Schizophrenia

WHAT IS SCHIZOPHRENIA?

Schizophrenia is a mental health problem in which you might hear voices that aren’t there. You may think other people are trying to hurt you or you may not make sense when you speak. People with schizophrenia often have problems with interpersonal relationships, taking care of themselves, or holding down a job. Treatment can help you or a loved one thrive.

Common symptoms of schizophrenia, which typically start between age 16 to 30, include:

  • Hallucinations
  • Seeing or hearing things that aren’t there
  • Delusions or hearing voices
  • Difficulty organizing thoughts
  • Depression or social withdrawal
  • Problems making decisions or paying attention
  • False beliefs that don’t match reality
  • Disorganized speech
  • Abnormal motor behavior
  • Extreme disorganization
  • Inability to function properly
  • Poor personal hygiene
  • No eye contact or facial expressions

Complications associated with schizophrenia include suicide, anxiety disorders, depression, alcohol misuse, nicotine or drug use, social problems, homelessness, and being victimized, as well as the inability to hold a job, attend school, or financially support yourself.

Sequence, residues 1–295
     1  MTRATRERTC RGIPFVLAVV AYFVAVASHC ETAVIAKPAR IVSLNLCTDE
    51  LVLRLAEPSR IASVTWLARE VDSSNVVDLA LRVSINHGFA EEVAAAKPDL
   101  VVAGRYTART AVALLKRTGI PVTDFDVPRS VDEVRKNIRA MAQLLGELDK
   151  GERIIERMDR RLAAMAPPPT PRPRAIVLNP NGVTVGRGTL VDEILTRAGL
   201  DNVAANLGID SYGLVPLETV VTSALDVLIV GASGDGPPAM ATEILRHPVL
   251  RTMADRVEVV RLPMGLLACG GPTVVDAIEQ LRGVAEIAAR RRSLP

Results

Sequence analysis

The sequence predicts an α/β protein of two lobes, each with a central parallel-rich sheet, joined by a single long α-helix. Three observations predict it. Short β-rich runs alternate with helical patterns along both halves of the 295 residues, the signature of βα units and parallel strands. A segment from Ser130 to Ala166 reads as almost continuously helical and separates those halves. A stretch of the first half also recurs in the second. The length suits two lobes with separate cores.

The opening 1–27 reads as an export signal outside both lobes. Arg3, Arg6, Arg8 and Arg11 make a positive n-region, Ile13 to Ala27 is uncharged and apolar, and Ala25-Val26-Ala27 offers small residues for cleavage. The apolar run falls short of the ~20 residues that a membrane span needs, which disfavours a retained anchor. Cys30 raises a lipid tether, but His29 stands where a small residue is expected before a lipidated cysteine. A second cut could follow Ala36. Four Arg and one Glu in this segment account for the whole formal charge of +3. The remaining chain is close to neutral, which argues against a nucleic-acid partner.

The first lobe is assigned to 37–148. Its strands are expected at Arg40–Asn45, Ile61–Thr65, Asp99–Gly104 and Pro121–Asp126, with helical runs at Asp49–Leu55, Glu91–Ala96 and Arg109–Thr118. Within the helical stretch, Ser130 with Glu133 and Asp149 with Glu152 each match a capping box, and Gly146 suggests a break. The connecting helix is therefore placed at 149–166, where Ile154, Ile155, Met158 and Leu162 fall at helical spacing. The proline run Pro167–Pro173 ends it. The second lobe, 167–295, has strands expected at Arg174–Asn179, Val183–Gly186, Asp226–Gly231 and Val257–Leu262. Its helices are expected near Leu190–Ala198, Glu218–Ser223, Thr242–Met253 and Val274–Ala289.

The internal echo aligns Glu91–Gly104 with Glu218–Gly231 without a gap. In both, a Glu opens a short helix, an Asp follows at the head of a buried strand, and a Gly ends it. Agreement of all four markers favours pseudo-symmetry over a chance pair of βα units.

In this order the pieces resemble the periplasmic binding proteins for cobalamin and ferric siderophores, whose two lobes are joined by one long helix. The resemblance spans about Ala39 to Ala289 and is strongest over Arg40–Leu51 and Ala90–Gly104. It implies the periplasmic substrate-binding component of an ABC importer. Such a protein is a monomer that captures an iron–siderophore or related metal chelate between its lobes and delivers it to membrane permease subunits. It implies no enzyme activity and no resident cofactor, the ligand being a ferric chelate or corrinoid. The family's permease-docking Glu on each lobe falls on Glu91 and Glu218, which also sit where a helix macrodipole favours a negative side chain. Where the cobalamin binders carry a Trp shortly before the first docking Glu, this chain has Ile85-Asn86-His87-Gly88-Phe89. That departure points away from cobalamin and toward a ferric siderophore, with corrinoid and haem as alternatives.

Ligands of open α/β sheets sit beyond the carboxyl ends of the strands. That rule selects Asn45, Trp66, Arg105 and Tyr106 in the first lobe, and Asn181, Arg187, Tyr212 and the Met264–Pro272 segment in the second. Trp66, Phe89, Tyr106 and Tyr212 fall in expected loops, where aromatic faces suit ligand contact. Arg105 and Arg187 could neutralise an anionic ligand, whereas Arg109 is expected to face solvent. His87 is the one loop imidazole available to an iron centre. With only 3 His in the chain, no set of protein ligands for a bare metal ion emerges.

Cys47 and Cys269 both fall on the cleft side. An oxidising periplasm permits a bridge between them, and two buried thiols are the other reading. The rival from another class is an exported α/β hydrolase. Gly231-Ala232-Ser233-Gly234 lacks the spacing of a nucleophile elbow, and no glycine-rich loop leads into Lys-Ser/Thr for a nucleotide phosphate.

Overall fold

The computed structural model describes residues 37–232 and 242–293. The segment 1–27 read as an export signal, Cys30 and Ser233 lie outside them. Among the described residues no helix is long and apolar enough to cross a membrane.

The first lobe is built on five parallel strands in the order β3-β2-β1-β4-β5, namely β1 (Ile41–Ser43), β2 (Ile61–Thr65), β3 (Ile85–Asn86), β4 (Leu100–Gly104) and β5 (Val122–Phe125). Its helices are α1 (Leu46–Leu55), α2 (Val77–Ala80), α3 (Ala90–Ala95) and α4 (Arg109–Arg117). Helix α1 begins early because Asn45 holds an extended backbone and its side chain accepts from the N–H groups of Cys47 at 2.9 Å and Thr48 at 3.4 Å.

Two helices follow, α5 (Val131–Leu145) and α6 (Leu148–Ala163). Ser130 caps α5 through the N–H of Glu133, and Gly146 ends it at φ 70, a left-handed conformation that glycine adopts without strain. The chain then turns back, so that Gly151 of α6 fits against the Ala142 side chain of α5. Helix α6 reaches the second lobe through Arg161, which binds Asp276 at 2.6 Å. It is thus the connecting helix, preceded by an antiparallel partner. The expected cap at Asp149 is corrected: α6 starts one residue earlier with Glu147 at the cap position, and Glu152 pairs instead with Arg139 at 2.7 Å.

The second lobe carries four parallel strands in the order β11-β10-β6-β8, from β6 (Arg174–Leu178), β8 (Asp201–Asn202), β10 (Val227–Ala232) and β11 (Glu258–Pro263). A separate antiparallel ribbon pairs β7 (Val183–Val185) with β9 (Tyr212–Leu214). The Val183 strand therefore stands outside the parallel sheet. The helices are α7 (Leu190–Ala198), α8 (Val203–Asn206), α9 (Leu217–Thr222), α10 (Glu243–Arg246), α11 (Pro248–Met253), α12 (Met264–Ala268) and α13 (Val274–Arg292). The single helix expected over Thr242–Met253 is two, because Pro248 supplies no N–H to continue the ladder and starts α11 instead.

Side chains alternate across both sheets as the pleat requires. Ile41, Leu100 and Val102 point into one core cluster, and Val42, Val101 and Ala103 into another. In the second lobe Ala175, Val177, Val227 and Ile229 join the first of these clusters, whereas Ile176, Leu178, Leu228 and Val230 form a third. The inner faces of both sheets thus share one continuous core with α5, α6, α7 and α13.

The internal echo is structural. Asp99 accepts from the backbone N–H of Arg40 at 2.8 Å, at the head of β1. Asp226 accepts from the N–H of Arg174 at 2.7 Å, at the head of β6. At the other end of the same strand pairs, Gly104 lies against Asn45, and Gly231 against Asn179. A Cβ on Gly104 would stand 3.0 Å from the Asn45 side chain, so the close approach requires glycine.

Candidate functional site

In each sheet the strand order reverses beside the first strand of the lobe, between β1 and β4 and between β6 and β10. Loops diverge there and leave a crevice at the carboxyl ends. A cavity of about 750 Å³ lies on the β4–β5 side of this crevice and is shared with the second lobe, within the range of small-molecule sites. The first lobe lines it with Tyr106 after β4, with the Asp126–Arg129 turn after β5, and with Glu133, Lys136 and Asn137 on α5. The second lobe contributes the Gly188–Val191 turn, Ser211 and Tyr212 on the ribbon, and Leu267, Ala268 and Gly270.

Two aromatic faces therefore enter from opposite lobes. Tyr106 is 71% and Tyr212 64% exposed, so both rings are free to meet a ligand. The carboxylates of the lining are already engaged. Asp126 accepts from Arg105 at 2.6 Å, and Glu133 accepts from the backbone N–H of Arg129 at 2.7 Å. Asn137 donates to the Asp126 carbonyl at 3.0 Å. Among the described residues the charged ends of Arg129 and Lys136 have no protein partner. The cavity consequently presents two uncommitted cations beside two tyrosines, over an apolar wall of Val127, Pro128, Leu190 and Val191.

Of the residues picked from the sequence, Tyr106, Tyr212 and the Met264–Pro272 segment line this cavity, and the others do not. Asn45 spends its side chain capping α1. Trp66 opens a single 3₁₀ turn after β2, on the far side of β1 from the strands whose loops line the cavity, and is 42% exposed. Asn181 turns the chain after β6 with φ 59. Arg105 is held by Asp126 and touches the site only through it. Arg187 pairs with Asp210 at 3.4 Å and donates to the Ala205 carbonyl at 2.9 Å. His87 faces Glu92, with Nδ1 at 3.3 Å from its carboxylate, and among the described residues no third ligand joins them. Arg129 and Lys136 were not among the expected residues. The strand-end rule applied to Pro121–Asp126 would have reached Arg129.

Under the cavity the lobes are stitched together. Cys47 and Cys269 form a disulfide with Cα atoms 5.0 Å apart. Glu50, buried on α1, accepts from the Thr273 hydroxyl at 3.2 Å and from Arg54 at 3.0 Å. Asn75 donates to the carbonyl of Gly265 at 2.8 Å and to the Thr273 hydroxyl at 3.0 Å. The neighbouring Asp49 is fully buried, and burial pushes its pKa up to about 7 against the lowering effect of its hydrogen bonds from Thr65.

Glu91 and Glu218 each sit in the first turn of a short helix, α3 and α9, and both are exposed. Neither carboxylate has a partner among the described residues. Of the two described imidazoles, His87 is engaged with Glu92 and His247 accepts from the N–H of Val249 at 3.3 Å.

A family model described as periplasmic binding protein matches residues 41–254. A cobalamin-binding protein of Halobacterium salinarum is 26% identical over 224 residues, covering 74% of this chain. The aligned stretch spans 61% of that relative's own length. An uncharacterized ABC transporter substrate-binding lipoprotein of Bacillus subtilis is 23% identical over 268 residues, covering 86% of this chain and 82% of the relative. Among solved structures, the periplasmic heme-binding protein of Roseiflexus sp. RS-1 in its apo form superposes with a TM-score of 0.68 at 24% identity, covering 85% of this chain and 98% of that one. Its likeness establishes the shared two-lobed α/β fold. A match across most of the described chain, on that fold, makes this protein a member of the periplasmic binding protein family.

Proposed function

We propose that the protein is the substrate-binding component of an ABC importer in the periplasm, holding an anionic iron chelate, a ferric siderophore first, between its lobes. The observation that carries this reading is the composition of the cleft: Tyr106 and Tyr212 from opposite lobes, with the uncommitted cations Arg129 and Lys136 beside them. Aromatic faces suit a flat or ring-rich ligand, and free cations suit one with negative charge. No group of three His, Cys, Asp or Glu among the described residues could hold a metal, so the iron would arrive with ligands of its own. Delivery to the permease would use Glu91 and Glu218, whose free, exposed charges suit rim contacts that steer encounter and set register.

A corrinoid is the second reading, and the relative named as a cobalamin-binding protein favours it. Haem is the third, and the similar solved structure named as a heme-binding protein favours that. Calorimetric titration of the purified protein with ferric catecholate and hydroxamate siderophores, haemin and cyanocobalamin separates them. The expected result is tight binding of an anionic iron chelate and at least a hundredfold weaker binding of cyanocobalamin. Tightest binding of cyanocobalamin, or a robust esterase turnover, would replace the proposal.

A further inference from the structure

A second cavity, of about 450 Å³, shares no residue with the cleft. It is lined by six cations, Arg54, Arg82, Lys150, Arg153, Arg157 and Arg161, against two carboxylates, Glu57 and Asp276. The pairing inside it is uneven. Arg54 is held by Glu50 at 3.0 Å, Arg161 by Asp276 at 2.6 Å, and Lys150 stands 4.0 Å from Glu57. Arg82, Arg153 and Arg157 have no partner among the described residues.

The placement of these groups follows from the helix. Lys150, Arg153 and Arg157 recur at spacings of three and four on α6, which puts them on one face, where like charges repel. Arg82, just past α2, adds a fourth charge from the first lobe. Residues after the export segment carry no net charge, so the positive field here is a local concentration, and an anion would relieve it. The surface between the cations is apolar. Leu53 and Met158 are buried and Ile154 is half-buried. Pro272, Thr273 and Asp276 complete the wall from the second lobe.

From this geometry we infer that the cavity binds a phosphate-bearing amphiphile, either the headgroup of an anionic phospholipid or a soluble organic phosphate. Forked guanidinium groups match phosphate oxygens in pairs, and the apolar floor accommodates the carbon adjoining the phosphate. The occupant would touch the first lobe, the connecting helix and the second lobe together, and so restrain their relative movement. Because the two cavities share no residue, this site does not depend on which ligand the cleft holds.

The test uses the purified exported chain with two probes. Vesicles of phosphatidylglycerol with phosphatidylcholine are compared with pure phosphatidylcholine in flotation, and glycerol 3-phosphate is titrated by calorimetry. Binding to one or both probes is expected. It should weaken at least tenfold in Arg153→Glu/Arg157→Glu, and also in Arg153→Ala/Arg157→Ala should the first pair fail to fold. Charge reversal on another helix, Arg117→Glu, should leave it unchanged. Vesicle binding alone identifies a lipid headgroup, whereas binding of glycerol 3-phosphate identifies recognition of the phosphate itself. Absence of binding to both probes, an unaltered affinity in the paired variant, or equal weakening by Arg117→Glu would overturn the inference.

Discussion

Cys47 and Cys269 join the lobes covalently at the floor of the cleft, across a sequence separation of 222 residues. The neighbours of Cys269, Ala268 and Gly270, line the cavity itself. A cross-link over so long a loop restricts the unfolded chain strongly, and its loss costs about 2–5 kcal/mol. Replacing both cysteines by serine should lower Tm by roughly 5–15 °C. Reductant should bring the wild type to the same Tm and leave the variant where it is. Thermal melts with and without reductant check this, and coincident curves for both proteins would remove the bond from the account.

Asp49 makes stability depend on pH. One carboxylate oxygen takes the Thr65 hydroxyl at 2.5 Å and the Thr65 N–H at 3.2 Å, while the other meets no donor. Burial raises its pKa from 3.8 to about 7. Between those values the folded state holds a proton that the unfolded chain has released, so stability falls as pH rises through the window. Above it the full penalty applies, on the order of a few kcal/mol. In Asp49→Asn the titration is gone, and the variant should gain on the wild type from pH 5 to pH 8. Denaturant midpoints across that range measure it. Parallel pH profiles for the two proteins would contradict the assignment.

The cause of schizophrenia isn’t clear, but your environment, genes, and brain chemistry may play a role in its development. Risk factors include:

  • Genetics
  • Family history of schizophrenia
  • Pregnancy or birth complications
  • Toxin exposure during pregnancy
  • Taking mind-altering drugs

Seeking treatment at the first sign of schizophrenia can maximize the quality of life for you or a loved one and prevent serious psychosocial complications.

Schizophrenia can be diagnosed after performing a comprehensive assessment,  a detailed medical history, and they type and duration of symptoms. In addition, a physical exam is performed along with a review of your family history for mental health disorders.   Drug or alcohol screenings, MRIs, CT scans, or other forms of diagnostic testing may be required to obtain an accurate diagnosis.

THERAPIES FOR SCHIZOPHRENIA

Common therapies to treat schizophrenia include:  

  • Medication: Oral medications and/or injections can help control symptoms of schizophrenia. 
  • Psychotherapy: psychotherapy may be needed an approach to schizophrenia treatment; examining the connection between psychology, biology, and social aspects of the disease. 
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